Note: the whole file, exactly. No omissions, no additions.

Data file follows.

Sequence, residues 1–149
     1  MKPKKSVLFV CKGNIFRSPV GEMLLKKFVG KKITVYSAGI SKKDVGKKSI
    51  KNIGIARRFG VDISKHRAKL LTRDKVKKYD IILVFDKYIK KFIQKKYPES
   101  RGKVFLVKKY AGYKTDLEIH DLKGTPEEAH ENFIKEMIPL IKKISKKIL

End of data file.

Sequence, residues 1–149
     1  MKPKKSVLFV CKGNIFRSPV GEMLLKKFVG KKITVYSAGI SKKDVGKKSI
    51  KNIGIARRFG VDISKHRAKL LTRDKVKKYD IILVFDKYIK KFIQKKYPES
   101  RGKVFLVKKY AGYKTDLEIH DLKGTPEEAH ENFIKEMIPL IKKISKKIL